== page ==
Syria talks focus on ‘terrorism’

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17 Jul 2019

Syria’s warring sides focused on “terrorism” during a sixth day of talks in Geneva, sparring over who was to blame for the violence tearing their country apart.


For the first time in days, the two sides appeared to have agreed on the topic of discussion, but while they both wanted to talk about “terrorism” their interpretations of who was behind the violence differed widely.

The delegation from President Bashar al-Assad’s regime has long insisted the talks must first address “terrorism” by jihadists and armed groups in the opposition, as well as countries like Arab monarchies and Turkey that support them.

It points out that halting the violence was the first item on the Geneva I communique – the never-implemented roadmap to peace adopted in 2012 and the focus of the current talks.

The opposition National Coalition delegation, however, maintains that setting up the transitional government called for in Geneva I must come first, and must entail Assad’s departure, something the regime flatly rejects.

On Thursday morning, the regime delegation presented a text it wanted the other side to agree on, urging all states to “prevent and stop the funding of terrorist acts”.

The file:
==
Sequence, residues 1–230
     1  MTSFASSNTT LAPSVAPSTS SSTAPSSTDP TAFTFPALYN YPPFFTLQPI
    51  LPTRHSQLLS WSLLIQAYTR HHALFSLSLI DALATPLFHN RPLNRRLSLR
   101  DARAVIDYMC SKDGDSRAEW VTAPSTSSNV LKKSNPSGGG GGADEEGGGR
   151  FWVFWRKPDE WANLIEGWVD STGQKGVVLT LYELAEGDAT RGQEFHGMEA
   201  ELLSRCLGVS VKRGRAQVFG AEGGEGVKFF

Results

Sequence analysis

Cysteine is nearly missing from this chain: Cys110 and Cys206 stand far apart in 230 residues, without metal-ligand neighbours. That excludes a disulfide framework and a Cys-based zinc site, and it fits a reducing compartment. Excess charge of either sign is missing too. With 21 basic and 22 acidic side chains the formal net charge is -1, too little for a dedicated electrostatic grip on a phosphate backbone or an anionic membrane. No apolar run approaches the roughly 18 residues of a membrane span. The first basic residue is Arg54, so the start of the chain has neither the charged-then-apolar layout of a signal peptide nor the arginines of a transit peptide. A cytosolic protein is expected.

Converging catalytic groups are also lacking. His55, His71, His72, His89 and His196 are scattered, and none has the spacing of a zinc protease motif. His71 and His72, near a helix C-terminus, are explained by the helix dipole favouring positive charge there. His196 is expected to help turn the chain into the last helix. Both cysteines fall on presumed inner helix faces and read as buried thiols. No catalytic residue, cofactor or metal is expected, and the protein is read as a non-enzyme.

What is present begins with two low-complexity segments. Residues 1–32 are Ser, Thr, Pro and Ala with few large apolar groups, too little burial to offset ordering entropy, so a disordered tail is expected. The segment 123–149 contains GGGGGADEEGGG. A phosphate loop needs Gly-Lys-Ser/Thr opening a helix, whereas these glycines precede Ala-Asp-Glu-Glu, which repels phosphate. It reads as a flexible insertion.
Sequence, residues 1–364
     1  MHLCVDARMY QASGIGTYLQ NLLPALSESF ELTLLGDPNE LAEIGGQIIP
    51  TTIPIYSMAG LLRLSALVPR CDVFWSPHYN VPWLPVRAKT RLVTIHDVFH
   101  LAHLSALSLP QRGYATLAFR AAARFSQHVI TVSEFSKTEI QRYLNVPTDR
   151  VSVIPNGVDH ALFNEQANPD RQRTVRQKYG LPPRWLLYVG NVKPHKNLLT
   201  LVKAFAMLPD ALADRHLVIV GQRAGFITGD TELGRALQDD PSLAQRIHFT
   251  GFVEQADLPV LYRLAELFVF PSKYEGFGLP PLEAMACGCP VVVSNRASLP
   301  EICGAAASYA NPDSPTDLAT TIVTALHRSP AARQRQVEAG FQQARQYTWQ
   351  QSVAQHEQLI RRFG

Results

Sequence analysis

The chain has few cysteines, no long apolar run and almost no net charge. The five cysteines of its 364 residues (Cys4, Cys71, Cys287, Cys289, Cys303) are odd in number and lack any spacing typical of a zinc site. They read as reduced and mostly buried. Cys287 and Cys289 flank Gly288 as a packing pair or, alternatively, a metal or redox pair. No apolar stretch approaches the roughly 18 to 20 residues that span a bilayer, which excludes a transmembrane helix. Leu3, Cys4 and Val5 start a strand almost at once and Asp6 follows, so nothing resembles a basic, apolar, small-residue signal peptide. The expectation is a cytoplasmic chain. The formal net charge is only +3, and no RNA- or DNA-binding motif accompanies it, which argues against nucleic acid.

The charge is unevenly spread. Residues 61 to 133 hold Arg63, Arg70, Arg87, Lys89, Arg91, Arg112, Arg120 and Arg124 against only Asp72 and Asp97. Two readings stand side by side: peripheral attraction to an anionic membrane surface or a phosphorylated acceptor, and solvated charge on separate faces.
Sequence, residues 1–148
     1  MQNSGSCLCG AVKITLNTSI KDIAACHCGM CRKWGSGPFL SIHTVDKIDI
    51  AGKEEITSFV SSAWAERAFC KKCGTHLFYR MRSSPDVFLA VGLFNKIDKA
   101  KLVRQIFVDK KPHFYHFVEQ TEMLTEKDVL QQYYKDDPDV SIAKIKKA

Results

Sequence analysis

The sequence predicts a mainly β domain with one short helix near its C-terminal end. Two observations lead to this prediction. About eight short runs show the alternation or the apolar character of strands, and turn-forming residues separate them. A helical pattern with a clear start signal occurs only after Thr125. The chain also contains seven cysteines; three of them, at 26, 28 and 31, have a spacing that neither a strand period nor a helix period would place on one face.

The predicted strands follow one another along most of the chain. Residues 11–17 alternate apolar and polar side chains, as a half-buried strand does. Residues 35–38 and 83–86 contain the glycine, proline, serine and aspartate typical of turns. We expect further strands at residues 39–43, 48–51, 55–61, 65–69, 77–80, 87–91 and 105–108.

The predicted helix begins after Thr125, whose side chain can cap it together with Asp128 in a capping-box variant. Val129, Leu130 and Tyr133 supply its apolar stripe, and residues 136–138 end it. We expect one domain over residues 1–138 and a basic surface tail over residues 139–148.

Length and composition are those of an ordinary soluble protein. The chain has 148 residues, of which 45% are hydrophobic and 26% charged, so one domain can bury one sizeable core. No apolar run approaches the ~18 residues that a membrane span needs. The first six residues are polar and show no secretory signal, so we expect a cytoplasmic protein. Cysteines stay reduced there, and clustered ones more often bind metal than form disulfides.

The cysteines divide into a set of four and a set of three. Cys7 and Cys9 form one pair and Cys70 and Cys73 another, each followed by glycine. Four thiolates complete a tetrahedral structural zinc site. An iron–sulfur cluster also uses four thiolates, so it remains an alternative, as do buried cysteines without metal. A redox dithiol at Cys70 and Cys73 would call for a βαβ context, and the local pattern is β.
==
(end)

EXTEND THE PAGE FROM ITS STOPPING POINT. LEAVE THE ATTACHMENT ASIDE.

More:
The text, obtained by AFP, also insisted that “fighting terrorist organisations and driving them out of Syria is a common objective and duty for every Syrian”.

The opposition rejected the communique as “one-sided” and “unacceptable”, delegations spokesman Louay Safi told reporters, pointing out that the text failed to denounce “the regime’s crimes against humanity”.

The opposition representatives had presented a massive file about “the regime’s violence against the people,” he said.

“The biggest terrorist in Syria is Bashar al Assad,” a source close to the opposition negotiating team told AFP.

“The regime wants to talk about terrorism. Barrel bombs are terrorism. Starving populations to death is terrorism. Torture, imprisonment are terrorism.”

Despite a constant combative tone, relations between the two sides appeared to be thawing, UN mediator Lakhdar Brahimi said on Wednesday.

“The ice is breaking, slowly, but it is breaking,” he told reporters, adding though that he did not expect “anything substantive” to come out of the initial round of talks that are set to conclude Friday.

But he stressed that simply getting the parties talking for the first time since the conflict erupted in March 2011 was an important step.

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